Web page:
3. Place each donut on a square of parchment paper about 4x4 inches. Lay donuts on a baking sheet and cover with a towel or plastic wrap for 1 hour to proof. They will be puffy when ready to fry!
  4. Heat the oil to about 350ºF (180º). Drop the doughnuts into the hot oil using the paper to carefully lower them into the oil. Turn them over as soon as they become golden brown on the underside about 30-45 seconds, repeat on the opposite side. Remove from the oil and place on a cooling rack with baking sheet underneath to catch oil or paper towel lined platter to cool.
  5. Regular Glaze: Add powdered sugar and salt to a medium bowl and make a well in the middle of powdered sugar. Add 1 tablespoon of milk, extract, and 1-2 drops of food coloring into the well and whisk slowly picking up powdered sugar from the sides of the well until smooth. If the glaze is too thick, add additional milk, 1/2 teaspoon at a time until the desired consistency is reached.
  6. Chocolate Glaze: Place the chocolate chips, butter, corn syrup, and water in a medium bowl. Melt in 20 second increments in the microwave, stirring after each time, until completely melted and smooth.
  7. Dip the tops of the donuts into the glaze and then cover with sprinkles.

Brioche Donuts


  • 50 g sugar (1/4 cup)
  • 190 ml water, lukewarm (3/4 cup)
  • 1 tsp active dry yeast or 16g (2 tsp) fresh yeast
  • 3 eggs, free range
  • 500 g all-purpose flour, plus for dusting (4 cups + 2 tbsp)
  • 1 tsp lemon zest
  • 1 tsp salt
  • 100 g butter, softened at room temperature (1 stick)

Vanilla Bean Pastry Cream Filling

  • 1 1/2 cups whole milk
  • ½ vanilla bean, split lengthwise
  • 1/2 cup sugar
  • 1/4 cup flour
  • 1/4 teaspoon salt
  • 4 large egg yolks
  • 1 teaspoon vanilla extract
  1. Add sugar and yeast to the lukewarm water in a large bowl. Allow it to sit for about 10 minutes or until the yeast starts to bubble – it will not be frothy and expand only bubble a little so don’t worry. In a small bowl, beat the eggs. Cut the butter on small cubes.
  2. Add flour to the bowl of a stand mixer, make a well and add eggs, lemon zest, and yeast mixture to the large bowl. Knead well. After about 5 minutes, add the salt. Slowly incorporate the butter cubes. Wait until each cube has been incorporated into the dough before adding the next one. Once butter has been added, knead on medium-low speed for 10 minutes; the dough should look smoother still, and most of it will gather around the dough hook. To see whether gluten has developed, take a small piece of dough and stretch it gently between your thumbs and first two fingers on both hands. If it doesn’t break or tear and stretches enough to create a somewhat transparent swath of dough, it’s good to go. If not, beat for another 5 minutes.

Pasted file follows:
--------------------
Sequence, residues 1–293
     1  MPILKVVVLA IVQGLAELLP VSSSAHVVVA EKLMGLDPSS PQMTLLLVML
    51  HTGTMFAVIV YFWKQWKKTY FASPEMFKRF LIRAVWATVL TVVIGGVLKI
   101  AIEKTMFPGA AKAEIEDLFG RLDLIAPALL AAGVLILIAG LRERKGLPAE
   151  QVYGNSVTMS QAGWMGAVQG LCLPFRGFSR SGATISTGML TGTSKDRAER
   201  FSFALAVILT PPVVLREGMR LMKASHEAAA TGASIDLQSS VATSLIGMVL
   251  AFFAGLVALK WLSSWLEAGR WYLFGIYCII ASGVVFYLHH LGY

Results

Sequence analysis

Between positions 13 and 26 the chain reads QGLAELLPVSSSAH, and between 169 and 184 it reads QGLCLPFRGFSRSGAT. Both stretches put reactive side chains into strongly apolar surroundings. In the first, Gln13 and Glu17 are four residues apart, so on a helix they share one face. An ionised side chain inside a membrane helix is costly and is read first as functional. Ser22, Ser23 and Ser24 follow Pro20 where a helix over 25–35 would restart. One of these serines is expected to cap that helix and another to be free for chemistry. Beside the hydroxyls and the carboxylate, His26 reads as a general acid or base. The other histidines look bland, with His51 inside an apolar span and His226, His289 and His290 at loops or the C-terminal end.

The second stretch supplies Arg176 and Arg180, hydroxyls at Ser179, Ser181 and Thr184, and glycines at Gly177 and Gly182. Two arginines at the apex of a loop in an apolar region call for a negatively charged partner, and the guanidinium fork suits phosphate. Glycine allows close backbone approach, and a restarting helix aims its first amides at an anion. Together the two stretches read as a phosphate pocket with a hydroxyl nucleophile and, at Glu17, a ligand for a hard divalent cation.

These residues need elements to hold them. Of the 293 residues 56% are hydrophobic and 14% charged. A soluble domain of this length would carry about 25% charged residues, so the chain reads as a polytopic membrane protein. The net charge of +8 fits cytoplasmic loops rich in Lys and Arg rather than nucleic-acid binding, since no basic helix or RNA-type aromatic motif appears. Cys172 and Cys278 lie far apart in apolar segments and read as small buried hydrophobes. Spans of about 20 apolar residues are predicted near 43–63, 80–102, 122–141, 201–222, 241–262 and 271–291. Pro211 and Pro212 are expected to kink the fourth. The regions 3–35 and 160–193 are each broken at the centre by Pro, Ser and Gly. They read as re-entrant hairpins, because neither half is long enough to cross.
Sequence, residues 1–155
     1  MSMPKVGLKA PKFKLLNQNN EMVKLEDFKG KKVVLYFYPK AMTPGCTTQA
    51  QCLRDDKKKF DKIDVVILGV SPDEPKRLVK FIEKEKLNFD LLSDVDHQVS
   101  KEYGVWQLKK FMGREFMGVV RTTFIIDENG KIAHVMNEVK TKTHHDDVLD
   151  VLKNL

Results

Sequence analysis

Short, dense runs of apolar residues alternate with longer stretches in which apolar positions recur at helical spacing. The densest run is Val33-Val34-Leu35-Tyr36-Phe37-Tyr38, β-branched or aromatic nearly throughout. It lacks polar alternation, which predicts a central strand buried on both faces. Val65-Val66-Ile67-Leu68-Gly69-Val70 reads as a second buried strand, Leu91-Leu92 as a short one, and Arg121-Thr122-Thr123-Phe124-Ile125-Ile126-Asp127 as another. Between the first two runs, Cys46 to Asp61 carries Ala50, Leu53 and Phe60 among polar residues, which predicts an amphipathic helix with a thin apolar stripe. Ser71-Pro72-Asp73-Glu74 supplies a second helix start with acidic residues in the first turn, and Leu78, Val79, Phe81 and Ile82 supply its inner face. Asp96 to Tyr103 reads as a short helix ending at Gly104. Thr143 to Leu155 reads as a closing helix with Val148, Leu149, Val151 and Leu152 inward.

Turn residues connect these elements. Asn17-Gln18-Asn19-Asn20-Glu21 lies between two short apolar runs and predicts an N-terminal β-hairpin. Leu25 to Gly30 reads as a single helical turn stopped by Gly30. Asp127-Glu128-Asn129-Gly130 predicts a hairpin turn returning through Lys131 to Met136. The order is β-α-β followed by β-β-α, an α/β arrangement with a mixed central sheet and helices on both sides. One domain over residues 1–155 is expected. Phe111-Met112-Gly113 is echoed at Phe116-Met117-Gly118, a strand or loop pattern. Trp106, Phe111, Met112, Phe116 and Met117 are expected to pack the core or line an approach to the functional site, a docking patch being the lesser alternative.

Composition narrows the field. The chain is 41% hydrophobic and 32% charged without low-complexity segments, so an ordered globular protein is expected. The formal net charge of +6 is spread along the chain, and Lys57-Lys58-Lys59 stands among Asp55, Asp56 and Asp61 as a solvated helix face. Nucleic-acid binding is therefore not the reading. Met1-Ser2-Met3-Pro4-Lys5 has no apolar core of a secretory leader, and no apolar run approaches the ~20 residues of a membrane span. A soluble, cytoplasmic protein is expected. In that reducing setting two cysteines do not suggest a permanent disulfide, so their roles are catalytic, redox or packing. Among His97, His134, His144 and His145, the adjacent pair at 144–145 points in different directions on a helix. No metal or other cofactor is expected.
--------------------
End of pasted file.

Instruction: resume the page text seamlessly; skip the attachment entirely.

3. Cover the bowl tightly with plastic wrap and leave to proof at room temperature in a sunny spot for about 2 hours, or until doubled in size. Punch down the dough, then re-cover the bowl. Put in the fridge to chill for 12 - 16 hours or overnight.
  4. Take the dough out of the fridge and cut it into 70g pieces. Shape each piece into smooth, tight bun rolling and pulling between our hands. Place on a baking tray lined with parchment paper and dusted with flour. Leave plenty of room between the doughnuts to proof. Cover lightly with plastic wrap proof for about 2 hours.
  5. Fill Dutch oven with 2 inches of oil and heat to 350°F (180°C). Carefully remove the doughnuts from the baking tray put them into the oil 2-3 at a time. Fry for 3 minutes on each side until golden brown. They might seem dark but they are perfect! Remove from the oil and place on a cooling rack with baking sheet underneath or tray lined with paper towels to catch oil. Set aside to cool before filling.
  6. Using a butter knife, cut an X into the end of each donut and push knife through until nearly the other end, twist back a forth slightly to create a cavity. Toss donuts in granulated or powdered sugar or glaze tops. Then fill a piping bag with jam, Nutella, pastry cream, or whipped cream and gently insert tip to fill donuts, pulling back as you squeeze to avoid over filling.
  7. Vanilla Cream: Warm the milk and split vanilla bean in the saucepan until you start to see wisps of steam. It should not actually be boiling. In a medium bowl, whisk egg yolks and sugar until a light butter yellow color. Add flour and whisk until a thick paste forms. Pour a little of the hot milk into the eggs and whisk to combine. Place whisk back into saucepan and begin whisking while pouring the egg mixture into the milk, whisking continuously. Continue to whisk and cook over medium-low heat until thickened, stopping every so often to see if mixture has come to a boil. Continue whisking after mixture comes to a boil until cream leaves a trail when whisked and you can see the bottom of the pot that does not fill in 5-10 minutes depending on heat level (on a lower heat level you can cook it for longer without curdling or burning!). Remove the pan from heat. Cover the pastry cream with a piece of plastic wrap pressed right up against the surface of the cream and chill completely. (If it did not set-up to a firm consistency after being chilled, return to pot and continue to cook on medium low until thickened and you can clearly see the bottom of pot when whisked).